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Tag archives for David Braun

Geography in the News: Losing Daylight Savings Time

By Neal Lineback and Mandy Lineback Gritzner, Geography in the NewsTM No Longer Saving Time? Daylight saving time will be over for this year in most of the United States at 2 a.m. on November 2. With the exceptions of American Samoa, Arizona, Hawaii, Puerto Rico and the Virgin Islands, the rest of the country…

Geography in the News: China’s Fast Train to Tibet

  By Neal Lineback and Mandy Lineback Gritzner, Geography in the NewsTM China’s Ultimate Tourist Adventure In the summer of 2006, the Tibet’s “rooftop of the world” became more accessible with the opening of a new fast train connecting China with Tibet. Over the previous 50 years, China had envisioned a 1,233-mile (1,972-km) railroad route…

Geography in the News: Swirling Ocean Garbage Dumps

By Neal Lineback and Mandy Lineback Gritzner, Geography in the NewsTM The Great Swirling Pacific Garbage Patch Ocean pollution is growing at an astonishing rate. On June 1, 2008, two scientists and a photographer/blogger sailed from Long Beach, California, and headed westward across the Pacific Ocean to Hawaii. The two men and a woman were…

Whale Encounters in Arctic Svalbard

We did not see the rare bowhead whale during our week-long cruise through Svalbard early in the summer of 2014, but our ship, National Geographic Explorer, had some dramatic encounters with humpbacks, and there were also excellent sightings of fin whales and belugas.

Geography in the News: Worldwide Wheat Production

By Neal Lineback and Mandy Lineback Gritzner, Geography in the NewsTM The Role of Wheat in Worldwide Agriculture Wheat is the principal grain used to make most breads and pastries. Grown mostly in the middle latitudes and Northern Hemisphere, annual wheat harvests are watched carefully. As the “staff of life” to multitudes, annual harvest assessments…

Svalbard Reindeer: Thriving Again on the Tundra

Perhaps the most endearing animal observed on our summer 2014 sojourn in the Arctic was the Svalbard reindeer, a subspecies of reindeer endemic to the archipelago midway between continental Norway and the North Pole. Depleted by hunting over more than six decades, the Svalbard reindeer has been recovering strongly under Norway’s conservation measures, and there may now be as many as 10,000 of them on the islands.

Geography in the News: The Great Lakes’ Mounting Problems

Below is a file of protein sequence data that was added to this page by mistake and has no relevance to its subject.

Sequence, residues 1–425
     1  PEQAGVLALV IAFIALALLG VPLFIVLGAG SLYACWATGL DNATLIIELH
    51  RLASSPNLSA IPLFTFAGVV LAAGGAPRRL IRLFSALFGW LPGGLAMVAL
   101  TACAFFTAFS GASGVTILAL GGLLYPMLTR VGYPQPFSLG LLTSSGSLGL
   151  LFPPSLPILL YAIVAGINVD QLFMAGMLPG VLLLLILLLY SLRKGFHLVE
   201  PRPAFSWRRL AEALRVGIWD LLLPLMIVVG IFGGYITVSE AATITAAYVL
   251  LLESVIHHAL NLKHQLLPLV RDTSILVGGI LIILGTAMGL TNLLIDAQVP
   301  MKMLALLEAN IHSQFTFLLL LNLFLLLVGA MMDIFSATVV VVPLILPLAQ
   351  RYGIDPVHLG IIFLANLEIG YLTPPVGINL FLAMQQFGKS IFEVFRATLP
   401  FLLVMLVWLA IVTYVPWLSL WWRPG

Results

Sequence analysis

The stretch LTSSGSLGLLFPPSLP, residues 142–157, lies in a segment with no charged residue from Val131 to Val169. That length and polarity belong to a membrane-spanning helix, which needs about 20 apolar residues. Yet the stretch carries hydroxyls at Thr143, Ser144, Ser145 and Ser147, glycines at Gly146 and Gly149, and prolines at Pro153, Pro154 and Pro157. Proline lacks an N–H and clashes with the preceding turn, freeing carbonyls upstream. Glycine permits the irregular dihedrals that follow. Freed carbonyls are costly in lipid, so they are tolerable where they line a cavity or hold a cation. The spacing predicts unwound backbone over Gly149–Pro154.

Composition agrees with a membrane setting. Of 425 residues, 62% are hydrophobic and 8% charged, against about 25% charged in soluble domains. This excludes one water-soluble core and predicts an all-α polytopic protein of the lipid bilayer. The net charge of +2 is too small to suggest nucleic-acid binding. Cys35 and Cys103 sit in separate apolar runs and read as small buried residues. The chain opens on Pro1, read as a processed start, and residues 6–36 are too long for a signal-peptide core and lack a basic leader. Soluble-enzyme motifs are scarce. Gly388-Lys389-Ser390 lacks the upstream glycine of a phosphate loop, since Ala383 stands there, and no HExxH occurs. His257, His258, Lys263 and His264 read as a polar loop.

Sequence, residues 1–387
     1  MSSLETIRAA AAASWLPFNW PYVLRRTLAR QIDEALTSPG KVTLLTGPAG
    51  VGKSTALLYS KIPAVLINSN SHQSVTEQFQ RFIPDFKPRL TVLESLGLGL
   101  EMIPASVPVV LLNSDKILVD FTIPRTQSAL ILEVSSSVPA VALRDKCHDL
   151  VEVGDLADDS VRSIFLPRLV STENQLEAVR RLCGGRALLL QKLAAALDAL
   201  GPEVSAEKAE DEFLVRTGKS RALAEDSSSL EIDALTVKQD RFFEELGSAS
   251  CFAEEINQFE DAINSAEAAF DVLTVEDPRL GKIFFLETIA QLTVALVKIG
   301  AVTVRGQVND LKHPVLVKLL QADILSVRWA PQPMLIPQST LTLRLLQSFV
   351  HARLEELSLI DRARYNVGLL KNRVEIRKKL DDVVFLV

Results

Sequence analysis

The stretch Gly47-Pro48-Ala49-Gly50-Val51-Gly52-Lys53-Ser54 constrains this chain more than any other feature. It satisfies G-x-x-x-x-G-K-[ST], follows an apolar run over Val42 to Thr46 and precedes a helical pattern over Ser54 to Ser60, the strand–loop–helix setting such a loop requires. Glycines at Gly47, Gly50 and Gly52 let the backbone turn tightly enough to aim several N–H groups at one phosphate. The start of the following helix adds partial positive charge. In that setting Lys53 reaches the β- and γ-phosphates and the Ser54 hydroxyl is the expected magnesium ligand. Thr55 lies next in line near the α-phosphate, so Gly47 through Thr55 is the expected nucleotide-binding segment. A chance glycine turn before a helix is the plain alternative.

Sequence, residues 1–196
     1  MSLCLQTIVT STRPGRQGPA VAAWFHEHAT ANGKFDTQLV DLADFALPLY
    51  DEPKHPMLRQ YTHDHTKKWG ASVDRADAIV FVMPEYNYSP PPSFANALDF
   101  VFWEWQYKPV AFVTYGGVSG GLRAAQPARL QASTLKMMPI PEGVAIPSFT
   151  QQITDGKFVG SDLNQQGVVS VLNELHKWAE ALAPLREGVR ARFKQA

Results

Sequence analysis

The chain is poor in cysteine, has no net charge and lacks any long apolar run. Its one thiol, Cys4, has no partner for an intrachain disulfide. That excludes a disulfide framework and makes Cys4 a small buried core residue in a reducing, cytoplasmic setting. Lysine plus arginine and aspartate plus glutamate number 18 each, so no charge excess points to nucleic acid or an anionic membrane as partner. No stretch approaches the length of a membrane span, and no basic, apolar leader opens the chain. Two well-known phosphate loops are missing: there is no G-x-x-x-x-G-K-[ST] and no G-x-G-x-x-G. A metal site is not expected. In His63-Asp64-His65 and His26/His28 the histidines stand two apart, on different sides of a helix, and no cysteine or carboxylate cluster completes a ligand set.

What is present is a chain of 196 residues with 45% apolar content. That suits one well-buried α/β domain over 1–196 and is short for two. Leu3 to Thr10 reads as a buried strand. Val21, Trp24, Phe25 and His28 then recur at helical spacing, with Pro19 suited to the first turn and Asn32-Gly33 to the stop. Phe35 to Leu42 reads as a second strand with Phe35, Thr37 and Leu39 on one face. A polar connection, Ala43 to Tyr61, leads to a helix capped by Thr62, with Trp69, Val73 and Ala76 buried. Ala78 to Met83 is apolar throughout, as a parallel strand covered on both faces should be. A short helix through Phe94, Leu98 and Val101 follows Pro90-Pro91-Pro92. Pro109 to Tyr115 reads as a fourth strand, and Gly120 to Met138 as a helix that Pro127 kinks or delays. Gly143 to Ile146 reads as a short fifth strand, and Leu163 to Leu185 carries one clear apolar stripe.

By Neal Lineback and Mandy Lineback Gritzner, Geography in the NewsTM The Great Lakes’ Mounting Problems Recent news about an algae bloom on Lake Erie leading to Toledo, Ohio’s municipal water plants closing is just one of the many problems affecting the Great Lakes. Toledo’s 400,000 people were forced to purchase bottled water for two…

Arctic Svalbard: A Summer Paradise for Birds

Svalbard is one of the world’s great wild places to see birds. Millions of them trek to the archipelago in summer for the abundance of food, and to breed and raise their young in relative safety.

Geography in the News: Climbing The Highest Mountains

By Neal Lineback and Mandy Lineback Gritzner, Geography in the NewsTM In Thin Air: Climbing the Highest Peaks Just as the 2014 climbing season got underway, an avalanche killed 16 climbers on Mt. Everest on April 18, four of whom were Sherpas. This tragic accident is just one of the dangers that can befall climbers…

Expedition to the Land of Ice Bears

It was almost at the exact moment of the northern solstice that we boarded the National Geographic Explorer for a week-long expedition to the Arctic archipelago of Svalbard–the time of year when the sun reaches the highest point in the sky as seen from the North Pole. We were in the land of the midnight sun, and we would not see the darkness of night for the entire time we were there.

Geography in the News: Kaliningrad

By Neal Lineback and Mandy Lineback Gritzner, Geography in the NewsTM Russia’s Kaliningrad’s Westward Look Now Questioned  Kaliningrad, a small Russian exclave, is frequently in the news in Eastern Europe, as it has become more and more westernized and increasingly a tourism destination. Most Americans probably never heard of Kaliningrad, but Russia’s recent support for…

Geography in the News: Bats Dying

By Neal Lineback and Mandy Lineback Gritzner, Geography in the NewsTM Bats Dying: An Epidemic A deadly disease is destroying native bat populations in North America. Unfortunately, the “white-nose syndrome,” as the disease is named, is spreading more quickly than scientists had anticipated. The white-nose syndrome is just the latest threat to the world’s bat…

Geography in the News: Fire Ants, Surviving and Thriving

By Neal Lineback and Mandy Lineback Gritzner, Geography in the NewsTM Fire Ants: Surviving and Thriving Summer is in full swing and an invasive pest is making life miserable for residents, visitors and native and domestic animals across the southern United States. Fire ants have an incredible ability to survive and geographically expand their territories…

Geography in the News: The Uncoupling of Iraq

By Neal Lineback and Mandy Lineback Gritzner, Geography in the NewsTM Uncoupling Iraq As the 2005 Iraqi election approached following the 2003 U.S.-led invasion, ethnic and sectarian hostilities increased dramatically. Now, more than 10 years after the invasion and with the departure of American and allied troops, Iraq appears to be uncoupling. Iraq watchers have…

Geography in the News: Geocaching

By Neal Lineback and Mandy Lineback Gritzner, Geography in the NewsTM Geocaching: Geography in the Hunt A new kind of hunter is lurking in our woods and parks, in our parking lots and shopping malls. This hunter is called a geocacher and is usually part of a team (most likely his or her own family)…